Presentation on theme: "Was Ancient Sumer a Civilization?"— Presentation transcript:
1Was Ancient Sumer a Civilization? History AliveChapter 5
25.1 Introduction Focus on Sumerian culture. In 1800’s archeologists bean finding artifacts in Mesopotamia.By studying artifacts the archeologists have learned about Sumer.One artifact is the Standard of Ur.
3Standard of Ur It was found where the city of Ur once stood. It is made of wood and decorated with shell and lapis lazuli.It shows the Sumerians in war and at peace.
5Characteristics of a Civilization Stable food supplySocial structureSystem of governmentReligious systemHighly developed culture including painting, architecture, music, and literaturetechnologyWritten language
65.3 Stable Food SupplyA stable food supply is what allows people in a society to have the food they need in order to survive.
7Two Sumerian inventions that helped create a stable food supply Complex irrigation system including canals, dams, and reservoirs to provide their crops with water.The plow is a tool used for turning the soil to prepare it for planting.
85.4 Social Structure Upper Class Common Class Slaves A social structure is the way a society or civilization is organized.Upper ClassCommon ClassSlaves
9Sumerian Social Class Structure Upper ClassThese people had large and luxurious two story homes near the center or the city.PriestsLand ownersGovernment Officials
10Sumerian Social Class Structure Common ClassLived in small, mud-brick houses at the edge of the city.Merchants and CraftspeopleMetalworkers—FamersFisherman
11Sumerian Social Class Structure SlavesLived in their owners’ homes and owned no property.
125.5 Government The people or groups that rule a particular region. Sumerian city-states were ruled by kings who they believed were chosen by Sumerian Gods.
13Sumerian Kings Enforced laws and collected taxes. Built temples. Maintained the irrigation system.Led his army to war.List of the Sumerian Kings
155.6 ReligionA religious system includes a set of beliefs, usually in god or gods, together with forms or worship.Sumerians built ziggurats.A ziggurat is an ancient Mesopotamian temple tower.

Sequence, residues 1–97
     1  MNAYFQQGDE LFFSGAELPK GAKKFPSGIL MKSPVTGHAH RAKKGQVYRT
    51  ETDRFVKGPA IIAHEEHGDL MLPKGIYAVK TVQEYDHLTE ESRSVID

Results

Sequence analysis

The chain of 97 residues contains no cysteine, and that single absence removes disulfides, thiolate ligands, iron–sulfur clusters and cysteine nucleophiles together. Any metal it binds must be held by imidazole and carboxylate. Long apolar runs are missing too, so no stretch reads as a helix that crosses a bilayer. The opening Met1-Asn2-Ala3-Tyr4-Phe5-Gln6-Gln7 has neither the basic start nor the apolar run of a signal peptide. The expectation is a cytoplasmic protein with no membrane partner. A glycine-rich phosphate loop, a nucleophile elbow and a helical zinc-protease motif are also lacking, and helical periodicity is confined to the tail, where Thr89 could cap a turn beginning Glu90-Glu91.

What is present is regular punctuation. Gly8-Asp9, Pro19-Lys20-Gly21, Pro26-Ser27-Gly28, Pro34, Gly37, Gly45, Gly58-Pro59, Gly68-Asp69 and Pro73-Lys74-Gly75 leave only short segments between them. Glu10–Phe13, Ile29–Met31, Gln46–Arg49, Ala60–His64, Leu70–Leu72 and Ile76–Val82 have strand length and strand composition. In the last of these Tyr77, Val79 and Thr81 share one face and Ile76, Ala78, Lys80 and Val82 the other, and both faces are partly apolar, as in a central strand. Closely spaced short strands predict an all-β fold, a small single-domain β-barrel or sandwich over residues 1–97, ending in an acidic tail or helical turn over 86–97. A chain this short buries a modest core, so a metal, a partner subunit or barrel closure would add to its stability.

165.7 The ArtsAll civilizations have a highly developed culture, including the arts. Arts include creative forms of expression such as painting, architecture, and music.
17Artists and Craftspeople in Sumer Sumerian metalworkers made weapons, cups, mirrors, jewelry.Artisans also decorated the ziggurats.
18Sir Charles Leonard Woolley British archaeologist Charles Leonard Woolley (April 17, February 20, 1960) became famous for the artifacts and information he uncovered during his magnificent excavations at Ur. Woolley is noted as one of the first modern archaeologists, and was knighted in 1935 for his services to archaeology.Born in London to a clergyman, Woolley graduated from New College in Oxford, and in 1905 he became Assistant Keeper of the Ashmolean Museum, Oxford. In 1922, Woolley was chosen by the British Museum and the University of Pennsylvania to lead the famous excavation at Ur. The excavations of the temple complex and the ziggurat in the city complex were impressive but it was the Royal Cemetery of Ur which proved to be the most amazing archeological find of the period. His most important discovery was the tomb of "Queen" Puabi. Miraculously untouched by looters, her tomb contained thousands of beads and other pieces of jewelry including a seal bearing her name in Sumerian. Buried with her were her attendants, guards and musicians who had participated in the funerary ceremony. Woolley was adept in conserving objects while they were still in the ground. Filling the lost wooden elements with wax, dowels, and plaster, he was able to reconstruct the form of many objects. His work at Ur, which ended in 1934, added tremendous amounts of information to our knowledge of this early period.Unwilling to rest on the laurels brought by the work at Ur, he also excavated at the sites of Tell Atchana and al-Mina in Syria. In addition to being a talented archaeologist, Woolley wrote more than 25 books including Excavations at Ur: A Record of 12 Years' Work, published in 1954, and Spadework: Adventures in Archaeology, published in 1953.Discovered the treasures from the Royal Tombs of Ur